July 14, 2018
In our global and fast-changing world, one of the critical factors of success is the emotional intelligence (EQ). It can be referred to as a capability to recognize your own emotions and emotions of others and being able to act accordingly. People with high EQ can name and manage their feelings, and they can recognize and influence the feelings of people around them.
When speaking and learning about emotions, Lego® Minifigures come in very handy. Since they come with a lot of different faces and facial expressions, we can use them to create a safe environment in which children will learn to identify emotions and will practice the non-destructive ways of dealing with them. They will also broaden their vocabulary, which in turn will help in expressing their feelings in the future.
What will we need? Several Minifigures with different facial expression.
I made basic ones because I wanted the child to concentrate only on the facial expression, not the general look of a figure. As each Minifigure usually comes with a pre-built personality, I wanted to remove this factor. This way the child had to think about each situation and not recreate a scene from a Lego® catalog.
We started with the six basic emotions – happiness, fear, anger, disgust, sadness, and surprise. Although to my surprise, not all of the feelings are represented equally among our collection. Still, I was able to prepare representations for each of the six emotions.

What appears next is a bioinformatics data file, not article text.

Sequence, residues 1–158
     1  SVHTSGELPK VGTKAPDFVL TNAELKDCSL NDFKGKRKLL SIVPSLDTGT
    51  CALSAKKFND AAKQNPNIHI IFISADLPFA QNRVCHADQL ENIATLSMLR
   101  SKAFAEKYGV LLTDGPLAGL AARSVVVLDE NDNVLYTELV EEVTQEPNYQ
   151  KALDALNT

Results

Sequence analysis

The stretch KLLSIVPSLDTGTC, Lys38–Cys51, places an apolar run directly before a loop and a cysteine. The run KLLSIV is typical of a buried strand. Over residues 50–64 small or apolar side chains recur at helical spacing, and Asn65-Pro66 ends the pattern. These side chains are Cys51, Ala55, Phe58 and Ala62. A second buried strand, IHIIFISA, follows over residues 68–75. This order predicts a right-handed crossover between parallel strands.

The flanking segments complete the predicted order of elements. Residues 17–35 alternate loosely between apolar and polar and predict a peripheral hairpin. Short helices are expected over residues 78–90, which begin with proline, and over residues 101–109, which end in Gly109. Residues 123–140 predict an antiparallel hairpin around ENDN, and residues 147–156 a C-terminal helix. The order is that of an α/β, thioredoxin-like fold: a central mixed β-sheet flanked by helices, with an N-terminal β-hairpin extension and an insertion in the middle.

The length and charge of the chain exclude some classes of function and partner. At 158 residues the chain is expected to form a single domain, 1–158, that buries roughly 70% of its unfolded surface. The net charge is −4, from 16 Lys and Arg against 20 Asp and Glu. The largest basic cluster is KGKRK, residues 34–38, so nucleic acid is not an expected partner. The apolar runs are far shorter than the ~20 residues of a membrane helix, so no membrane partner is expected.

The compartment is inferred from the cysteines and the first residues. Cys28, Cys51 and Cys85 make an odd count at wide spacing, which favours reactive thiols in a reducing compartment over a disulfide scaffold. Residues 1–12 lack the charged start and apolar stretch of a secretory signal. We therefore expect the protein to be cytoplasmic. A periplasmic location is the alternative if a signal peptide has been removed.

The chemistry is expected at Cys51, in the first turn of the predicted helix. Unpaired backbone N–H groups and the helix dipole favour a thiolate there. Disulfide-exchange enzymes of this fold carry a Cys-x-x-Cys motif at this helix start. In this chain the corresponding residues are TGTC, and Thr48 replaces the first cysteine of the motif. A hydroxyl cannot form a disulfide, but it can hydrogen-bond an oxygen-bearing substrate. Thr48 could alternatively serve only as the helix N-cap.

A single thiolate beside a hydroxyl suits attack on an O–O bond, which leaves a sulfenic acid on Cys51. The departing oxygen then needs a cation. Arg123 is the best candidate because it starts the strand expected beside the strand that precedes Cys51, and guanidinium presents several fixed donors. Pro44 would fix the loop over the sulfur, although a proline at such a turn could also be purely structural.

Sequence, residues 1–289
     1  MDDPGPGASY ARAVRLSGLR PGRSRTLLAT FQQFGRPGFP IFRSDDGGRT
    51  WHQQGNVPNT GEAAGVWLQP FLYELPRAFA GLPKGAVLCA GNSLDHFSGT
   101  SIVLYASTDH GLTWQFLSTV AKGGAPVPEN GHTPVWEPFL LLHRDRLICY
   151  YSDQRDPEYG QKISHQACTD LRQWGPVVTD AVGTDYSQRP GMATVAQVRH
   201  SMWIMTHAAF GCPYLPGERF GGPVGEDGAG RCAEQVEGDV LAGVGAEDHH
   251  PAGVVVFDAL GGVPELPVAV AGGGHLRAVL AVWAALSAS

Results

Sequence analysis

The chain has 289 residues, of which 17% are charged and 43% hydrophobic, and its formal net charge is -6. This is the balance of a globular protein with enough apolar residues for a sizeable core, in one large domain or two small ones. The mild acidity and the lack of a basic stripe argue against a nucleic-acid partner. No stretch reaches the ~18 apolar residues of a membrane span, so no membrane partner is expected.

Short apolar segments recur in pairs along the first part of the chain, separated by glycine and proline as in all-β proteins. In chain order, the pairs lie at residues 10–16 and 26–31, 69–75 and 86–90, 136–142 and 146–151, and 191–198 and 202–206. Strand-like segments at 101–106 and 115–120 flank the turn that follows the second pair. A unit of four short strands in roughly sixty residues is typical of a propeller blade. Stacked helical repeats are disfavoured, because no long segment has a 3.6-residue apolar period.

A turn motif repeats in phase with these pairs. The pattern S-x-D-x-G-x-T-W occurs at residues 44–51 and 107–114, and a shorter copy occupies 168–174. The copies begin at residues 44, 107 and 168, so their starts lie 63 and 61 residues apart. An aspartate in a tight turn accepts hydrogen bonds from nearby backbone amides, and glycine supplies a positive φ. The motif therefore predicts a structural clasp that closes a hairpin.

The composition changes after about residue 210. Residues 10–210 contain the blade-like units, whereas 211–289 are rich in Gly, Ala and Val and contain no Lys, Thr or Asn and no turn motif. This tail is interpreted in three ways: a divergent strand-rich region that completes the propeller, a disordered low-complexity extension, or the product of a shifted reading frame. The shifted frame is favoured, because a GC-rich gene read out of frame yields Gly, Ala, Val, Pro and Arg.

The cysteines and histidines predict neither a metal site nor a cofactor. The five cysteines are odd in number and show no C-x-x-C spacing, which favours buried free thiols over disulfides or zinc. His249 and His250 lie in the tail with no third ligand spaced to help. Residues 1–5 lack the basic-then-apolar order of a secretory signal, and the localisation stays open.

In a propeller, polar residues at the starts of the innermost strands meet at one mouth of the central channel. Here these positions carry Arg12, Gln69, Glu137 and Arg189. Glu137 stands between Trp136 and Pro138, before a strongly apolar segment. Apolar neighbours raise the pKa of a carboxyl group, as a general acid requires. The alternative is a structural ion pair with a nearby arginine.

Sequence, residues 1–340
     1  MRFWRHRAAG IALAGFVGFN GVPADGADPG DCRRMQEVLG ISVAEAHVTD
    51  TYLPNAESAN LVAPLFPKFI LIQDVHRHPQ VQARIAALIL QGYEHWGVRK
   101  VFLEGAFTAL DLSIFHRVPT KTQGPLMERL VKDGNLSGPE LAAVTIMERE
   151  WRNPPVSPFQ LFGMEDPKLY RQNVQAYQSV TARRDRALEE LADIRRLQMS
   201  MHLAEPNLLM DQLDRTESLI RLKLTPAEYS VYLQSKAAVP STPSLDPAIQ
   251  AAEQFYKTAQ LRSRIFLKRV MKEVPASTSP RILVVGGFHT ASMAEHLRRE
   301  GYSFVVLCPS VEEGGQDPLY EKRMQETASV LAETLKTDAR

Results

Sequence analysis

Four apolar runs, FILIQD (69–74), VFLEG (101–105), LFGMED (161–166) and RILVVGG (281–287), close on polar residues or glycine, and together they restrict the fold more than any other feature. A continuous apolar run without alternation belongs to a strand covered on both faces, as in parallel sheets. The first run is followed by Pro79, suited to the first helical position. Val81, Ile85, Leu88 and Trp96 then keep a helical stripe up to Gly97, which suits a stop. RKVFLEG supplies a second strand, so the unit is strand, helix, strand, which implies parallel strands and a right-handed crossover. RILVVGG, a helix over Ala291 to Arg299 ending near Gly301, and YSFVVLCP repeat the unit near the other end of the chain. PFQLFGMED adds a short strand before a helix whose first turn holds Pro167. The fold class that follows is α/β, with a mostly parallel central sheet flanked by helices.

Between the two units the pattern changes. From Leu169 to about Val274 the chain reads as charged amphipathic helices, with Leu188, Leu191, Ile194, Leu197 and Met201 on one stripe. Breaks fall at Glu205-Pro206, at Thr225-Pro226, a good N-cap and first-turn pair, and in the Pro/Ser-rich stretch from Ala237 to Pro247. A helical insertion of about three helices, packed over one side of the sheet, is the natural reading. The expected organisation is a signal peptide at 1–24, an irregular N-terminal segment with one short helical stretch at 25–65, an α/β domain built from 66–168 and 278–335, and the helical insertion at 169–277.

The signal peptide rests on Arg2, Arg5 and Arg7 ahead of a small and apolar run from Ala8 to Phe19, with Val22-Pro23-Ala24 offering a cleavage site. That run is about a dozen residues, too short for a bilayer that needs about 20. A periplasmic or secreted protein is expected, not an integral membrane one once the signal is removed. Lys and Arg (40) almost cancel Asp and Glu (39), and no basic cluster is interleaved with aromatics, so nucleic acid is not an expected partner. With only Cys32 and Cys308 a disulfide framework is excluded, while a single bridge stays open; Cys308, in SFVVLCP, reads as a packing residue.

We began with recognition and vocabulary. A child’s task was to observe each expression, name the emotion behind and think of different situations that could have caused this particular emotion. In the second version of the game, I described a case, and the child had to choose a Minifigure with an appropriate facial expression and tell me why she has selected it.
In both versions, we talked about situations in which my children felt these exact emotions, about how they reacted and how they could act in the future.
Then we went back to play with Minifigures. We created scenes in which the figures were expressing their feelings. This personification is the essential part of the activity. It gives the child the opportunity to practice the vocal expression she will need in real life.